A 2013 Pew Research study entitled Coming and Going on Facebook discusses how 61% of current users have voluntarily taken a break from using Facebook for several weeks or more. These voluntary breaks have been coined in popular media as “Facebook Fatigue”. During 2013, 38% of 18 to 29 year olds – Facebook’s former core demographic – expect to spend less time on the site or stop using it altogether. Although the reasons for taking a break from Facebook varied, most respondents stated that they were no longer interested, no longer had the time or considered it a waste of time. A smaller number admitted that drama from friends was making the site less appealing. This shift in Facebook use makes it clear that marketers must be ready to accommodate different demographics when using social media as a marketing tool.

Rather than assuming that a particular audience is using a social media site, marketers must research their core demographics before spending large amounts of capital. It is also important to take advantage of the tools that social networks provide to help marketers. For example, Facebook has a feature that enables ads to be pushed to specific age groups. Additionally, Facebook, Twitter and Instagram have all taken steps to better cater to their younger users by increasing their video  capabilities. These sites have also developed new tools that marketers can use to reach video-centric audiences. Staying up to date on the demographics of each social networking site, recognizing that these demographics can change over time and leveraging the tools provided by social networks to reach target demographics can prevent marketers from falling victim to demographic shifts or fatigue.

Arianna Valentini is a research analyst with InfoTrends, a worldwide market research and strategic consulting firm for the digital imaging and document solutions industry.

Weatherall LogoAlthough it is estimated that 57% of all businesses are using social media, with approximately 79% having plans to continue to or start using these platforms, many companies are still unsure why or how to use these sites.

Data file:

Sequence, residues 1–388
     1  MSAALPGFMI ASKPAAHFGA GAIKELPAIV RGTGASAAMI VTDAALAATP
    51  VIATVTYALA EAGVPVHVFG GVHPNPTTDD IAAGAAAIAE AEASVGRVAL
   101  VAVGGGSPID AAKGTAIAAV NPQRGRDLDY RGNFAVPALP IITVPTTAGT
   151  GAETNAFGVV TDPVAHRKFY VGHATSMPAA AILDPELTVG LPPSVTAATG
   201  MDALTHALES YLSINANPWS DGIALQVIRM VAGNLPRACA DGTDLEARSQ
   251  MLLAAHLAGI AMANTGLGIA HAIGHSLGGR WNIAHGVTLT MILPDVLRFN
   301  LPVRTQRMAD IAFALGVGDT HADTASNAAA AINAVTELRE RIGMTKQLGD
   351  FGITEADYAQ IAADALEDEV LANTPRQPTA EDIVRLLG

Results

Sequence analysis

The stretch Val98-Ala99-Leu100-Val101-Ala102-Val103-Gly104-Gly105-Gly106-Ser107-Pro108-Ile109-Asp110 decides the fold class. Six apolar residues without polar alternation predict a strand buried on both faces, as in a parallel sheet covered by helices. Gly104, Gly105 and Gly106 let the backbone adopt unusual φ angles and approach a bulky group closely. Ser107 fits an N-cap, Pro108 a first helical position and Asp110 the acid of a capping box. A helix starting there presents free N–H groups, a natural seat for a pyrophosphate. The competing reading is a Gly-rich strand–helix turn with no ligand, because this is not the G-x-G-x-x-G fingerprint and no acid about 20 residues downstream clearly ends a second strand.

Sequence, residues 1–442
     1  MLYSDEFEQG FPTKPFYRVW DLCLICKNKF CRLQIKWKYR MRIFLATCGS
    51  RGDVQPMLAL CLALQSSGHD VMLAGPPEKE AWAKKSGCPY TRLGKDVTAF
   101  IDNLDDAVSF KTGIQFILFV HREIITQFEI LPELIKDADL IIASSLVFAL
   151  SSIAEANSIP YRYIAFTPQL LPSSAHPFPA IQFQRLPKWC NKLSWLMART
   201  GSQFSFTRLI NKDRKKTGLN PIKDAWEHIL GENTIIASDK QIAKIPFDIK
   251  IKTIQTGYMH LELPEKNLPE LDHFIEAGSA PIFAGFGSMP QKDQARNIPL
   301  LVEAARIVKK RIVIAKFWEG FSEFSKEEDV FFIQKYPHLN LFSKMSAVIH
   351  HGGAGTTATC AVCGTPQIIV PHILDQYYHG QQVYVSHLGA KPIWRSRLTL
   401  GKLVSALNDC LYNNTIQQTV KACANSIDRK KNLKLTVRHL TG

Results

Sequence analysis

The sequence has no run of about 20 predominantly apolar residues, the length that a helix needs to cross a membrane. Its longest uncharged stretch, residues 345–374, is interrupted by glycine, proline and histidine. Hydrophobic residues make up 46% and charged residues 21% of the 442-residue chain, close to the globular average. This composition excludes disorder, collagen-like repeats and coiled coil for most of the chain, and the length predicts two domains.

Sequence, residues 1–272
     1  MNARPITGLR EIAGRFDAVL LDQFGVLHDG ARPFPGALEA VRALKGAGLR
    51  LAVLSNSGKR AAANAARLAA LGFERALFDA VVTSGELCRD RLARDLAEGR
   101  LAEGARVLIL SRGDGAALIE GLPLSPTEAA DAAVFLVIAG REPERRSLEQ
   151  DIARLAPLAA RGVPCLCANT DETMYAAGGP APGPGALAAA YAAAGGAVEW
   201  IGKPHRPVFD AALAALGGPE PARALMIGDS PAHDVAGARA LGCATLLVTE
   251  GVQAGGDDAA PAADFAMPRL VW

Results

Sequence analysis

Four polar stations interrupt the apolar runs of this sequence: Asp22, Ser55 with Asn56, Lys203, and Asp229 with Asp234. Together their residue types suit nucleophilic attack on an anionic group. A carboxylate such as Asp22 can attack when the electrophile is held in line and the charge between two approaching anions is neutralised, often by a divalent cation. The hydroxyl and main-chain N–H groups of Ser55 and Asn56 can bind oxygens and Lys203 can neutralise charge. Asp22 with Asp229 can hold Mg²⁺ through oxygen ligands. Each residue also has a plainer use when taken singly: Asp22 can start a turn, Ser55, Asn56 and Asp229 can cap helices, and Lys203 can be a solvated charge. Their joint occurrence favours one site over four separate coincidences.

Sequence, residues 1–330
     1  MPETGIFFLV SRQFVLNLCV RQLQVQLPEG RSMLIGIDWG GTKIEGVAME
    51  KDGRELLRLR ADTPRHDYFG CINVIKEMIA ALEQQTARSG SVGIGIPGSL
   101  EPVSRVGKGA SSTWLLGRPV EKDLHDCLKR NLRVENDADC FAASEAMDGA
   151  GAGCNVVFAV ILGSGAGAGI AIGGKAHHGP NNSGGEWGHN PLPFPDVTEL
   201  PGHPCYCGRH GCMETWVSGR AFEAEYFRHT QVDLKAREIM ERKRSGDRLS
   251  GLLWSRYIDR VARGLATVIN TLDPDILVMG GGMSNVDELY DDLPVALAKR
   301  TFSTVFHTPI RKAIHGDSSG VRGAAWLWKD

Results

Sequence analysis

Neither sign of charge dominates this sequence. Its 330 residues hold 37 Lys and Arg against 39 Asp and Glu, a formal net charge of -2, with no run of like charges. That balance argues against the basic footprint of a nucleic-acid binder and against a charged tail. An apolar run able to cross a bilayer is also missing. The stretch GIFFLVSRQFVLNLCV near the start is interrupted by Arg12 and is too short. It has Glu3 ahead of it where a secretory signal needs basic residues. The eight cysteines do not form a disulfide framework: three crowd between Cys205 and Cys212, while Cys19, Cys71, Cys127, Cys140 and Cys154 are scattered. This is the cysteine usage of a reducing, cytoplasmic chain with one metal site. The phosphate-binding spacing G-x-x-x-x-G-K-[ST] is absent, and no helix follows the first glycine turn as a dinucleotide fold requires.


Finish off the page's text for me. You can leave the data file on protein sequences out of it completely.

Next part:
Social media tools help a company brand, market and share information. They also allow  your company channels to engage with your target markets in more frequent and less formal ways. Social media sites enable companies to deliver updates on new products, technology and company information without bombarding customers with “too much” or irrelevant data. Your customers (and the world) will have access to this information.

The more engaged a company is on social media sites, the more customers can interact with your brand and identify with your products. For example, customers may comment on blog or Facebook postings. This type of engagement can lead to positive word-of-mouth marketing as prospective customers may see testimonials from happy customers.

Big Myths and Big Benefits
The biggest misconception most business owners have about social media is that there is a “right” and “wrong” way to do it. There is no exact science to social media’s success or which channels work best. Companies have different objectives and different audiences, so the social media strategies aren’t one-size-fits-all. Determine who you want to speak to and how, and what you ultimately want to achieve before establishing your company’s social media presence.

The biggest benefit for companies using social media is that you will engage with companies via the sharing of information rather than trying to “sell” the customer. Target markets will read your content via social media sites or refer to you for free information. As a result, you may have more prospective customers giving you a call.

Stacy Falconer is the Business Development Director for Westfield, Mass based Dion Label Printing.